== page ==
KBS Reference Desk: Subpoenas and FERPA

Q:       We received a subpoena for records from an attorney representing a former teacher who was fired for insubordination; some of the responsive documents, such as emails, include personally identifiable student information. Do we release the student information since it is contained within the responsive documentation?

 A:        No, not right away. Before releasing personally identifiable student information, the District must first provide reasonable notice to the student or student’s parents (if a minor), so that the parent or eligible student may seek protective action through the judicial system.    

 The Family Educational Rights & Privacy Act of 1974 (“FERPA”) provides that a school district is authorized to release a student’s education records pursuant to any court order or lawfully issued subpoena, upon condition that it first provide adequate notice to the student or the student’s parent (if the child is a minor). See 20 U.S.C. § 1232g(b)(2)(B). Specifically, the federal regulations provide that, before complying with the subpoena, a school district must make a “reasonable effort to notify” the student or parent of the subpoena, so that the parent or eligible student has time to seek protective action through the judicial system. See 34 CFR § 99.31(a)(9). The regulations do not specify what “reasonable” notice includes, but generally the more time the district has to comply with the subpoena, the more time it should provide the parent to consider judicial intervention. The district should provide the parent with a copy of the subpoena, along with written notice of the parent’s right to intervene and a date certain where the district will release the records in compliance with the subpoena, absent judicial intervention.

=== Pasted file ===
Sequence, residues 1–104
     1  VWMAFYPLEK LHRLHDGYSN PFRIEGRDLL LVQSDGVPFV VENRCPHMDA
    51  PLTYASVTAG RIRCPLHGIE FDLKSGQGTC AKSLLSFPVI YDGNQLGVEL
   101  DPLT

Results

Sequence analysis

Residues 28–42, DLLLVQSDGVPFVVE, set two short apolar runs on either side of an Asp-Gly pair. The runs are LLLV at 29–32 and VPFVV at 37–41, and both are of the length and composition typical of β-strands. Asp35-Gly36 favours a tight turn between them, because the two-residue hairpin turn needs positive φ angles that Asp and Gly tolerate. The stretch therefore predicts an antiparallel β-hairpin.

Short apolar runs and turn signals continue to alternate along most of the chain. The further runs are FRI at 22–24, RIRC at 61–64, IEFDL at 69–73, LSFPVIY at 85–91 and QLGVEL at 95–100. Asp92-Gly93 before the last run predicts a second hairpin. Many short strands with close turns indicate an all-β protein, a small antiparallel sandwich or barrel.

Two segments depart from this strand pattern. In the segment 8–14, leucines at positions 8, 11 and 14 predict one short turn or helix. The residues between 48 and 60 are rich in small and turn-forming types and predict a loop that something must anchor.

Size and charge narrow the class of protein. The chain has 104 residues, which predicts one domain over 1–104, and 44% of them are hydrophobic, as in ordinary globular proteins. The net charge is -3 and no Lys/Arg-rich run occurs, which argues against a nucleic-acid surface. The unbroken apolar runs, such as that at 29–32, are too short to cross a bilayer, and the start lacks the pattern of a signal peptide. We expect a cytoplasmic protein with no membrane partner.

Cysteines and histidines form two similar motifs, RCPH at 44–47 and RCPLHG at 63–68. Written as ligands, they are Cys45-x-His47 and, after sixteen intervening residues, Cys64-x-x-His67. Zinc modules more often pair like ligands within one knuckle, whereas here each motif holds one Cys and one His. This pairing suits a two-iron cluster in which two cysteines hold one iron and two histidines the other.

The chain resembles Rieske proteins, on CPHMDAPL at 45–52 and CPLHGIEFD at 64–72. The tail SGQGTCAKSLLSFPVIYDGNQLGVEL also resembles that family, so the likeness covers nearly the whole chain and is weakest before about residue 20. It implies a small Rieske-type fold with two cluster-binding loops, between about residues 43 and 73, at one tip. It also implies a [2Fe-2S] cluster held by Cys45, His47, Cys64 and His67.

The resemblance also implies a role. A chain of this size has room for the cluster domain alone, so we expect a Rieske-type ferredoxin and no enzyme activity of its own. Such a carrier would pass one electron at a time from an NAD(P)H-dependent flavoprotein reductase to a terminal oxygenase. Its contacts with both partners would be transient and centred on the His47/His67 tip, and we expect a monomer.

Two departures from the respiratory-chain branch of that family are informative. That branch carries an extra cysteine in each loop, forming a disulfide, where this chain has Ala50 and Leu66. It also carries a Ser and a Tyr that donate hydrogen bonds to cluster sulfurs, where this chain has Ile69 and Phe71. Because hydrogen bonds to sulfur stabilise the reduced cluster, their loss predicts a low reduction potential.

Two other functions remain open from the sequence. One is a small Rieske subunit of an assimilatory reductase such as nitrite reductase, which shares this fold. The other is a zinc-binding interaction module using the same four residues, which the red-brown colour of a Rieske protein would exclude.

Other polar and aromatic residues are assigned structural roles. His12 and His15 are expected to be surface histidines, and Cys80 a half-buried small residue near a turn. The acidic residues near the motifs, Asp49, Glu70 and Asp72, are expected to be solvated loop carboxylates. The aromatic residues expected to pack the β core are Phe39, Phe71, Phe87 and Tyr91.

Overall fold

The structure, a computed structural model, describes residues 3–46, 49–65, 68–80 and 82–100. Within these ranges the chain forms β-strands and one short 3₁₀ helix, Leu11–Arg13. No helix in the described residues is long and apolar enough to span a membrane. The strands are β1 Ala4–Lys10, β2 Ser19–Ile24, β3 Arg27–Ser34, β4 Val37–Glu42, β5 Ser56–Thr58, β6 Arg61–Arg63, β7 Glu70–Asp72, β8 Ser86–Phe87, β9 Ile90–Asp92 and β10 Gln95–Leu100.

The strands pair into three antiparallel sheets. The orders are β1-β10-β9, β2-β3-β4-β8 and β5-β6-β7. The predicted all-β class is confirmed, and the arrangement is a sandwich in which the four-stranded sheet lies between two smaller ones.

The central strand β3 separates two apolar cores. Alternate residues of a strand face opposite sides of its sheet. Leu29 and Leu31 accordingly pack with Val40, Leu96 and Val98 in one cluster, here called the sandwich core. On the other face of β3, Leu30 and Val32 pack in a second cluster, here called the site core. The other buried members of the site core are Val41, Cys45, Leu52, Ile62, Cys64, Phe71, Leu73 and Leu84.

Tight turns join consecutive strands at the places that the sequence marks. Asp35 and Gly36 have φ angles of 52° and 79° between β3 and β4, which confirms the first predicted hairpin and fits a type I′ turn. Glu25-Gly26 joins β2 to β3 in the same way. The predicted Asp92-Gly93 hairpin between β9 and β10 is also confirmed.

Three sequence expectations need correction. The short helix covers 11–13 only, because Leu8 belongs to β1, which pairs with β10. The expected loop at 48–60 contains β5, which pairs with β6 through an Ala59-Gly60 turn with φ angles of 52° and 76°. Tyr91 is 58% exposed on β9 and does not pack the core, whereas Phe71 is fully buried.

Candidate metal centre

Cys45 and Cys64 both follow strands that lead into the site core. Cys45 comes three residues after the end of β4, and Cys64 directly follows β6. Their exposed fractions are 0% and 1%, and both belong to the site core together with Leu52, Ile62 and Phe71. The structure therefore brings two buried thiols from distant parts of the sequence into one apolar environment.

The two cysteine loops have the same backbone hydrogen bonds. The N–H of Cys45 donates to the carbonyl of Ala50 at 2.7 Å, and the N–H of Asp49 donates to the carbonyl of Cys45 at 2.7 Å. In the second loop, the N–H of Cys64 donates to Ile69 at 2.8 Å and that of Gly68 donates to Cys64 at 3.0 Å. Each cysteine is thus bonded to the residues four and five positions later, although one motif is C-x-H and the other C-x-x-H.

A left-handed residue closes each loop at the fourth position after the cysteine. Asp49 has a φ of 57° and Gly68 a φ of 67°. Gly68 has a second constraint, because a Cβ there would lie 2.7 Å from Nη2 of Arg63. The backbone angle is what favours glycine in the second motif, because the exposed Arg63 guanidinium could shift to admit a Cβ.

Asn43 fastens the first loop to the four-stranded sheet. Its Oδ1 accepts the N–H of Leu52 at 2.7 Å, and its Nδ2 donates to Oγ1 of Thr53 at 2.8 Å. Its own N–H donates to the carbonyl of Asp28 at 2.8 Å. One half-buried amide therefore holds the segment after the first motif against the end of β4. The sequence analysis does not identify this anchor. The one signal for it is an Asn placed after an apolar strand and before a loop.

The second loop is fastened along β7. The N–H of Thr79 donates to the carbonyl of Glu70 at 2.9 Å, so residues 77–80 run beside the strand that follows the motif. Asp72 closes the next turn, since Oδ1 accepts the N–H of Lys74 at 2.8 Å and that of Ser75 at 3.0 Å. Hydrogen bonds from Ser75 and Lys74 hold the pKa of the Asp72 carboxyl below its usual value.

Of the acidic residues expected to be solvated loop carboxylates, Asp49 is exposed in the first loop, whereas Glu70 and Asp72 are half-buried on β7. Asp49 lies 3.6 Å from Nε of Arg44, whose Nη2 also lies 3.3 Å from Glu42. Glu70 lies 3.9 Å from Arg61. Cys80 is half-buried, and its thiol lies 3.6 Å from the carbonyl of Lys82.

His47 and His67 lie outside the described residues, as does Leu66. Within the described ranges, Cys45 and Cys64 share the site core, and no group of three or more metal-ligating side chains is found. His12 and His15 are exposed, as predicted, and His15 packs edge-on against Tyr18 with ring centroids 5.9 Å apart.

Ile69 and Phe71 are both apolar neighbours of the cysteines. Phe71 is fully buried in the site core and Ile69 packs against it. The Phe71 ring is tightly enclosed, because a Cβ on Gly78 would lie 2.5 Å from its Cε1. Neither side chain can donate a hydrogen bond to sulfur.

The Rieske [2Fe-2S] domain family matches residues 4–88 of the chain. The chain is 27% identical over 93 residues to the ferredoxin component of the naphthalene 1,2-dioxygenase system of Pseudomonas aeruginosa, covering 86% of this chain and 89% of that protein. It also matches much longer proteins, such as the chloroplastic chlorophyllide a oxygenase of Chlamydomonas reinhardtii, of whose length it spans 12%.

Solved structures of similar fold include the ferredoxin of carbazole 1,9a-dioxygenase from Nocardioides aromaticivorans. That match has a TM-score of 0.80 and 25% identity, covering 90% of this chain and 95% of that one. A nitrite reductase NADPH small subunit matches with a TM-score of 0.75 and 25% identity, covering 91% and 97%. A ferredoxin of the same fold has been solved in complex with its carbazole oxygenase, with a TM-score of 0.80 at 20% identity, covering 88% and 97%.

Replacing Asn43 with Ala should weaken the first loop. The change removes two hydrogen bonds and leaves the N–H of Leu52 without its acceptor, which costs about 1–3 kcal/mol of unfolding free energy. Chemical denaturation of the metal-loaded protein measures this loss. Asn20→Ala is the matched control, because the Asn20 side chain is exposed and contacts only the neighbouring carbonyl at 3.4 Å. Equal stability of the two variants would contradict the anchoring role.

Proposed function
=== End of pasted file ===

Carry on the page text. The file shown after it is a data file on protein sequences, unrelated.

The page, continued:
It is important to note, though, that confidentiality rules or special exceptions may apply when a subpoena (1) is issued by a federal grand jury, (2) pertains to a parent who is a party to a court proceeding involving child abuse, neglect, or dependency matters, (3) is issued for a law enforcement purpose and the issuing agency has ordered that the existence or the contents of the subpoena or the information furnished in response to the subpoena not be disclosed, or (4) is issued by the United States Attorney General. In these circumstances or any others that materially differ from the above hypothetical, we recommend contacting your local school attorney.

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